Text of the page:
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Tuning Organic Energy Gaps

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German researchers develop novel approach for band gap engineering organic semiconductors

Organic semiconductors have earned a reputation as energy efficient materials in OLEDs used in large area displays. In these and solar cells, a key parameter is the energy gap.

For inorganic materials you engineer the band gap by substituting atoms in the material. This allows for a continuous tunability as, for example in AlGaAs semiconductors. Unfortunately, this is not transferable to organic cmpound semiconductors.

Now with their latest publication in Nature Materials, scientists at the Center for Advancing Electronics Dresden (cfaed, TU Dresden) and at the Cluster of Excellence e-conversion at TU Munich together with partners from University of Würzburg, HU Berlin, and Ulm University have found a way to engineer the energy-gap for organic semiconductors by blending.

For inorganic semiconductors, the energy levels can be shifted towards one another by atomic substitutions, thus reducing the band gap. In contrast, band structure modifications by blending organic materials can only shift the energy levels concertedly either up or down. This is due to the strong Coulomb effects that can be exploited in organic materials, but this has no effect on the gap. "It would be very interesting to also change the gap of organic materials by blending, to avoid the lengthy synthesis of new molecules", says Karl Leo from TU Dresden.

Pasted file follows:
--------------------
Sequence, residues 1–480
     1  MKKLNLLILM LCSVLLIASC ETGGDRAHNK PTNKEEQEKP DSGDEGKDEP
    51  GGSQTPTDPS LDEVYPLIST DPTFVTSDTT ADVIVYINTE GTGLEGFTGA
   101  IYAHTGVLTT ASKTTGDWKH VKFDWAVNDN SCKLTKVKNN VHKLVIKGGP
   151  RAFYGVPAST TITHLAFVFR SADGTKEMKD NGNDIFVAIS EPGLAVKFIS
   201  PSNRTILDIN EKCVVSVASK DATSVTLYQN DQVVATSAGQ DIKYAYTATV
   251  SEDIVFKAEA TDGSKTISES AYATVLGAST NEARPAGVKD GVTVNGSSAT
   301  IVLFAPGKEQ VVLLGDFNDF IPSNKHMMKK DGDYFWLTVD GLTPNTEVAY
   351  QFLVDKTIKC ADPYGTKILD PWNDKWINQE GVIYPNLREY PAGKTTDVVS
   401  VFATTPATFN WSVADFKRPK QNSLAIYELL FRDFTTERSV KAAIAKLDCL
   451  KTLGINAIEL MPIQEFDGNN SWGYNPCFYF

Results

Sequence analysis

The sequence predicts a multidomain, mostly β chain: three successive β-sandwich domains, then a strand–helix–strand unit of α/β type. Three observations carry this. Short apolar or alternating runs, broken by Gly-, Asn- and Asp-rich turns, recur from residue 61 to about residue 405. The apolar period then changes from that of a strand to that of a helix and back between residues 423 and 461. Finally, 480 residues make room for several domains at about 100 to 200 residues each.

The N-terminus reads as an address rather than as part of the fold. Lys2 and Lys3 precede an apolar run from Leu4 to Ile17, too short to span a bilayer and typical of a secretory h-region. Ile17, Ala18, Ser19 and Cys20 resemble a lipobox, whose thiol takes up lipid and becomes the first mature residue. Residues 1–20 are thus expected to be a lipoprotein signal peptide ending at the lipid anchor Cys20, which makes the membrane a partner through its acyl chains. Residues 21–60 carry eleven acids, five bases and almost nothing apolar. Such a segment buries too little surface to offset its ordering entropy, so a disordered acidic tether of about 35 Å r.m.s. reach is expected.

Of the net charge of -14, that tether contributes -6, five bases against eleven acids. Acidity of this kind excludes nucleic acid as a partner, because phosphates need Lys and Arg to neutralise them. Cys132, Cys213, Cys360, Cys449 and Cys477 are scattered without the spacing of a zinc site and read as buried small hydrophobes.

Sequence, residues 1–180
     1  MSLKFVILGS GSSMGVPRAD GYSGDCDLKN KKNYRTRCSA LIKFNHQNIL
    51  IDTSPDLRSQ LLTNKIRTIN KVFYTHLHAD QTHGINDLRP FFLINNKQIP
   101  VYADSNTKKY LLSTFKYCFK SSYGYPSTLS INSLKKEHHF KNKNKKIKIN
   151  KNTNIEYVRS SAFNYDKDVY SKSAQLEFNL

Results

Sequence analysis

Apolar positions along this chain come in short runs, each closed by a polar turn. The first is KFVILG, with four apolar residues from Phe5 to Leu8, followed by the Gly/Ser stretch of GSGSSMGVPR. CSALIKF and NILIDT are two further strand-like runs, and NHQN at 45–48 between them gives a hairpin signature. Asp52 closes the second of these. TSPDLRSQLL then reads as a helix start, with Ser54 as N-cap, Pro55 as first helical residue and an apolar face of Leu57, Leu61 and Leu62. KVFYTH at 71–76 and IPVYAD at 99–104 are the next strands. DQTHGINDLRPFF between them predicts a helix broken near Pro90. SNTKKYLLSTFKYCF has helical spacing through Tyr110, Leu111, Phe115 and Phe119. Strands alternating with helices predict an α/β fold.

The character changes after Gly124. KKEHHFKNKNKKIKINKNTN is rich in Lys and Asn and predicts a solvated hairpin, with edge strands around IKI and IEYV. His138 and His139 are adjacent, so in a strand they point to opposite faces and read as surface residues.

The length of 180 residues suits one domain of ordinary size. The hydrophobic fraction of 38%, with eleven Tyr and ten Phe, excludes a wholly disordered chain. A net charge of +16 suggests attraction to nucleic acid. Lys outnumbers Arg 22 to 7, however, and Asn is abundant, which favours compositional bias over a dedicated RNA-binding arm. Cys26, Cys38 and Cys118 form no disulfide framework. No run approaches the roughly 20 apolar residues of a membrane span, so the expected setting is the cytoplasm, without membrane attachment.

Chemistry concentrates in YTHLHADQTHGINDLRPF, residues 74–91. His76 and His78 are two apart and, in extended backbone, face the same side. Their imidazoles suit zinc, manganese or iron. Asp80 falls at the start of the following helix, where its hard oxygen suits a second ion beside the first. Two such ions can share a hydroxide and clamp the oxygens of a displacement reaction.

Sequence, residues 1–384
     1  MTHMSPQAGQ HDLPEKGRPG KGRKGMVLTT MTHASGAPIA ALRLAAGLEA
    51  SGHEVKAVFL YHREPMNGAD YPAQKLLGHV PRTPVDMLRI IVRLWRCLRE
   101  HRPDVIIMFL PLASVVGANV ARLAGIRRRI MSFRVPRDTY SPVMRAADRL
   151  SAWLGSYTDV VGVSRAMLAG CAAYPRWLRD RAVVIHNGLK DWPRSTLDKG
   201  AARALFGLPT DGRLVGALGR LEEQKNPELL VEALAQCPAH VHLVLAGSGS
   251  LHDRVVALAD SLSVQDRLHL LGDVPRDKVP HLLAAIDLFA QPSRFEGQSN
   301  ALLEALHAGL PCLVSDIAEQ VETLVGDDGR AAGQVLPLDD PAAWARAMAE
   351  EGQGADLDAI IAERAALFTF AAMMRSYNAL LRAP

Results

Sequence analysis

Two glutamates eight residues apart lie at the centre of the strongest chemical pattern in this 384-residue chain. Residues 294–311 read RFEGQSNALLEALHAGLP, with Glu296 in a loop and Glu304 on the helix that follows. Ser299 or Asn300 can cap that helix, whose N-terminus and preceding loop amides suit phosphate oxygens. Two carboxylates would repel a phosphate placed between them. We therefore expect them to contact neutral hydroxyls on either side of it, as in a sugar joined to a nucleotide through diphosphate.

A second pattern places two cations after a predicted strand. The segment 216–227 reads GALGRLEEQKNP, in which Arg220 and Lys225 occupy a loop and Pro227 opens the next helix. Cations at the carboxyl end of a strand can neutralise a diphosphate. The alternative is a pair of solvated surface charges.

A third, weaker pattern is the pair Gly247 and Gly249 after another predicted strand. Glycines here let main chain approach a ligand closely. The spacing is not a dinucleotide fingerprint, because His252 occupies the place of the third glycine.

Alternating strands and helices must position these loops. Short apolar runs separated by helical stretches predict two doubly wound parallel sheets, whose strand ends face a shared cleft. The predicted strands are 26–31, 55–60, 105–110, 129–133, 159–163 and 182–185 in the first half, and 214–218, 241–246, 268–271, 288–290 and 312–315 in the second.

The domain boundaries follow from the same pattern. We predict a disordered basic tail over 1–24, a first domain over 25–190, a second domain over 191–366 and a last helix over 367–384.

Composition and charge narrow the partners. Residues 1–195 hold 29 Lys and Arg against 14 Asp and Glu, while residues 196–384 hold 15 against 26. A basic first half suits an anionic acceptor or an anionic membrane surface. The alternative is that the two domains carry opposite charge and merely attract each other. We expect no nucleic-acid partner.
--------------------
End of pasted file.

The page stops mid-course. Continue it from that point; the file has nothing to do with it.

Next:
The researchers now found an unconventional way by blending the material with mixtures of similar molecules that are different in size. "The key finding is that all molecules arrange in specific patterns that are allowed by their molecular shape and size", explains Frank Ortmann, a professor at TU Munich and group leader at the Center for Advancing Electronics Dresden (cfaed, TU Dresden). "This induces the desired change in the material´s dielectric constant and gap energy."

The group of Frank Ortmann was able to clarify the mechanism by simulating the structures of the blended films and their electronic and dielectric properties. A corresponding change in the molecular packing depending on the shape of the blended molecules was confirmed by X-ray scattering measurements, performed by the Organic Devices Group of Stefan Mannsfeld at cfaed. The core experimental and device work was done by Katrin Ortstein and her colleagues at the group of Karl Leo, TU Dresden.

The picture above shows how varying the ratio of 3T molecules (foreground) and 6T molecules (indicated in the background) in the blend allows tuning the gap continuously.


'Band gap engineering in blended organic semiconductor films based on dielectric interactions' by Katrin Ortstein et al; Nature Materials: 10 June, 2021

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